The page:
Adhesion to and invasion of cultured tick (Acarina

Ixodidae) cells by Borrelia burgdorferi (Spirochaetales: Spirochaetaceae) and maintenance of infectivity.

Timothy J Kurtti, Ulrike G Munderloh, D. E. Krueger, R. C. Johnson, T. G. Schwan

Research output: Contribution to journalArticle

36 Citations (Scopus)

Abstract

Lyme disease spirochetes, Borrelia burgdorferi, interact with cultured tick cells in ways similar to those reported to occur in the vector Ixodes dammini Spielman, Clifford, Piesman & Corwin. Spirochete adhesion and penetration were examined using a cell line from embryos of Rhipicephalus appendiculatus Neumann that morphologically resembles tick gut cells, RAE25. Cocultivation of B. burgdorferi with these cells permitted prolonged maintenance of infectivity for hamsters. Borrelial adherence to RAE25 cells was time- and density-dependent and increased by 10-15% per h during the first 5.5 h of cocultivation when we used a concentration of 4 x 10(7) spirochetes/ml. After 6 h, > 90% of the cells bound an average of 3-5 spirochetes per cell. Low passage, hamster-infective strains of B. burgdorferi (JMNT and CD16) showed a 2-3-fold higher rate of adhesion to RAE25 cells than the highly passaged, noninfectious strain B31. Inactivation of CD16 or JMNT by heat, starvation, or treatment with puromycin reduced adherence by 40-60%, whereas pretreatment with monoclonal antibodies to the outer surface proteins had no effect. Spirochetes adhered to young I. dammini cell lines to a similar degree as they did to RAE25, whereas lines from the ticks Dermacentor variabilis (Say) (RML15) and Boophilus microplus (Canestrini) (BME26) bound 30-60% fewer spirochetes. Electron microscopy revealed epicellular borreliae associated with coated pits and vesicles before endocytosis, and intracellular spirochetes were surrounded by a host cell-derived membrane.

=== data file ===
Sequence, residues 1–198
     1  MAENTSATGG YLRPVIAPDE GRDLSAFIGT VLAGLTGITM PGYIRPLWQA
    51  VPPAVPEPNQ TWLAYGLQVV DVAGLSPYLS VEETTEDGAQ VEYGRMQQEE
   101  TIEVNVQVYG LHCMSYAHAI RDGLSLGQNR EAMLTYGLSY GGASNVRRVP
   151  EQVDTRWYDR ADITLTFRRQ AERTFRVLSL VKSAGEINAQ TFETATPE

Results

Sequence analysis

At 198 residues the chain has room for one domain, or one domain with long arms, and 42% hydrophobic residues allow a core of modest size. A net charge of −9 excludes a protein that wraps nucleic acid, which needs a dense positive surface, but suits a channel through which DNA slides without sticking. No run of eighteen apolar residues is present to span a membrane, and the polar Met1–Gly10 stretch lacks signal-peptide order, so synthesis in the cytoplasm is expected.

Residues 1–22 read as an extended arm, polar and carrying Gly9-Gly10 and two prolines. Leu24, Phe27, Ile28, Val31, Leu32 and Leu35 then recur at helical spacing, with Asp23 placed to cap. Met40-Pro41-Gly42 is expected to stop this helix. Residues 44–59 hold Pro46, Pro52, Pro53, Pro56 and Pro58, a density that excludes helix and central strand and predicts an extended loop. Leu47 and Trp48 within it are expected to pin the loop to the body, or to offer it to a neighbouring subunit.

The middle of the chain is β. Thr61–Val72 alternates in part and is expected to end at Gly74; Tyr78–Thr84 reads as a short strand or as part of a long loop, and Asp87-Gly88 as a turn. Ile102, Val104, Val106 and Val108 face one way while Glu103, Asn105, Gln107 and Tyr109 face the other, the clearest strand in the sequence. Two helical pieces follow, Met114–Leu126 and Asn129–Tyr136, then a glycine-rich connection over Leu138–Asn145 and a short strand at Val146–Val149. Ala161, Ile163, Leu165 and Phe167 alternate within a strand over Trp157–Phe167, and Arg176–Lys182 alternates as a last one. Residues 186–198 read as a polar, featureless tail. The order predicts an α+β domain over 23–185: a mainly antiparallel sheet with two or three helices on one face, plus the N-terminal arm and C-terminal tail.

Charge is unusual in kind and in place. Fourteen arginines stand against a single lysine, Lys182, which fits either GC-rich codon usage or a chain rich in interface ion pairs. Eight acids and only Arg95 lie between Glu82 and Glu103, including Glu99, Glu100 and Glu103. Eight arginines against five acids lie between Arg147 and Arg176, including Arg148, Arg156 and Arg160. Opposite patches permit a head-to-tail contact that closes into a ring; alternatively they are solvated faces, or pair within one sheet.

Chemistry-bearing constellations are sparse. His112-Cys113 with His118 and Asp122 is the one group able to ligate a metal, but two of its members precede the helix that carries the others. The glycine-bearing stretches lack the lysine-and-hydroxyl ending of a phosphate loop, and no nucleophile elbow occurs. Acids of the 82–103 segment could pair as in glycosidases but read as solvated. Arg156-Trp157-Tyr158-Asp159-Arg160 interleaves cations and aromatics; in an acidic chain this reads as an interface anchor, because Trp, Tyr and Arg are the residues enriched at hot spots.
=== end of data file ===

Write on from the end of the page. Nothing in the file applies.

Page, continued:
Original languageEnglish (US)
Pages (from-to)586-596
Number of pages11
JournalJournal of Medical Entomology
Volume30
Issue number3
DOIs
StatePublished - Jan 1 1993

Fingerprint

Spirochaetaceae
Ixodidae
Spirochaetales
Borrelia burgdorferi
Ticks
adhesion
ticks
Acari
pathogenicity
Maintenance
Ixodes
cells
Coculture Techniques
Cricetinae
Ixodes scapularis
Xamoterol
hamsters
Dermacentor
Rhipicephalus
Coated Vesicles

Cite this

@article{f1b221224cdf4cdeacb41f2ccdad0626,
title = "Adhesion to and invasion of cultured tick (Acarina: Ixodidae) cells by Borrelia burgdorferi (Spirochaetales: Spirochaetaceae) and maintenance of infectivity.",